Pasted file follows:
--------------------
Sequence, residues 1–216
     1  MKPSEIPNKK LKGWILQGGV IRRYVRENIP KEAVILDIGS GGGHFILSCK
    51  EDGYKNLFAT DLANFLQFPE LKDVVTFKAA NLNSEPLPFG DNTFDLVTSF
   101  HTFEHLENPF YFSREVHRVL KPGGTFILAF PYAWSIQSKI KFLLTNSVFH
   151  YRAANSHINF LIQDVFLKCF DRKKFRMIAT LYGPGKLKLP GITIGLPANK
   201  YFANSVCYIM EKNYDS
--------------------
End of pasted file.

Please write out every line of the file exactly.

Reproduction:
Sequence, residues 1–216
     1  MKPSEIPNKK LKGWILQGGV IRRYVRENIP KEAVILDIGS GGGHFILSCK
    51  EDGYKNLFAT DLANFLQFPE LKDVVTFKAA NLNSEPLPFG DNTFDLVTSF
   101  HTFEHLENPF YFSREVHRVL KPGGTFILAF PYAWSIQSKI KFLLTNSVFH
   151  YRAANSHINF LIQDVFLKCF DRKKFRMIAT LYGPGKLKLP GITIGLPANK
   201  YFANSVCYIM EKNYDS